However, here is the rub -- every time Windows dies with a BSOD, people tend to blame Microsoft because they assume it is Windows that has caused the fault. This is complicated by the fact that due to the nature of how drivers work, it is very difficult to determine the name of the driver that caused the fault. For example it may have been a cascading failure, caused originally by a faulty third party driver, but only triggered by a particular action of a microsoft driver. For this reason the BSOD cannot and does not list the name of the driver that caused the fault, and so everyone just assumes it was Windows.

This caused a mountain of headaches for Microsoft, especially when Windows 2000 was first realeased since the NT line of operating systems required whole new drivers compared to the previous Windows 9x line. So there were a number of very poor quality drivers floating around, written by incompetent third parties -- often hardware manufacturers that considered driver development a low-priority nuisance. Microsoft was the one that was getting called when these faults occured, yet they had absolutely nothing to do with the reason for them and no control over the faulty driver code.

So they applied a cryptographic technology to the problem, and enabled drivers to be signed. By default windows ships with a trusted list of keys, basically those under the control of Microsoft. This means that they can put their "magic stamp" on a driver if they deem it to be of sufficient quality. They also set up a large compliance lab called WHQL, which has a long and elaborate set of tests meant to suss out these shoddy drivers. The theory being that if they could somehow certify drivers, then they could enable the operating system to reject unsigned drivers and thus improve the overall stability level of the system.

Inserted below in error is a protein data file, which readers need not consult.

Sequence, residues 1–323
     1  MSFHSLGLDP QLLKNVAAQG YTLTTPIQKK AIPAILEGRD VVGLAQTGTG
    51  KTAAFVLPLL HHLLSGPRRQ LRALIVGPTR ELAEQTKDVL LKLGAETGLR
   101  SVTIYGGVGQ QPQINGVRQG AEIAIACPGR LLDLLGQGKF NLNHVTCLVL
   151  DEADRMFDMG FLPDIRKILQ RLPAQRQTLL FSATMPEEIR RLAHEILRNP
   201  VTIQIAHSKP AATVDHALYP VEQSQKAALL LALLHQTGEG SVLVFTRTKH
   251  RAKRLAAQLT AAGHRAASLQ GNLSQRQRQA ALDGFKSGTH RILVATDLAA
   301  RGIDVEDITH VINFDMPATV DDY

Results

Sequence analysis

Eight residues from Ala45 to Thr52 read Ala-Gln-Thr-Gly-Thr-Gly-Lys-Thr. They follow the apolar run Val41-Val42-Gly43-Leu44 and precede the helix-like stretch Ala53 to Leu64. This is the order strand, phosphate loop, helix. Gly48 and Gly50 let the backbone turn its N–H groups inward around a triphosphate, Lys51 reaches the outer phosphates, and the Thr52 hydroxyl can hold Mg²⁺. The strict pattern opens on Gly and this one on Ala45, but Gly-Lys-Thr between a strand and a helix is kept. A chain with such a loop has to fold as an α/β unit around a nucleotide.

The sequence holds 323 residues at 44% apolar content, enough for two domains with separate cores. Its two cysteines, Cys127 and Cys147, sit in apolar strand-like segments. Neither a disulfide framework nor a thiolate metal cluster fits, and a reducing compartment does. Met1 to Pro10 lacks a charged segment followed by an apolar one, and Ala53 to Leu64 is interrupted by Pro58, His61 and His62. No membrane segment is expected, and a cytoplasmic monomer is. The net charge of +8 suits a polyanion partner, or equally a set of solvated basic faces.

So this is why you see the prompt when you try to install an unsigned driver. It means that for whatever reason the person that wrote the driver did not want to go through the WHQL certification process. In a lot of cases this is a harmless error because the process is costly, time consuming, and a large headache. However, you should note the fact that you're using unsigned drivers. It could mean that you just don't have the right version of the driver -- there might be a WHQL one available on their site. Or it could mean that the manufacturer just doesn't care about driver quality. Or it could be a number of other things.

At the end of the day, you should try to only use signed drivers, but it's certainly not the end of the world if you can't, and as long as your system is stable then there is absolutely nothing wrong with installing an unsigned driver.
posted by Rhomboid at 1:23 PM on December 27, 2005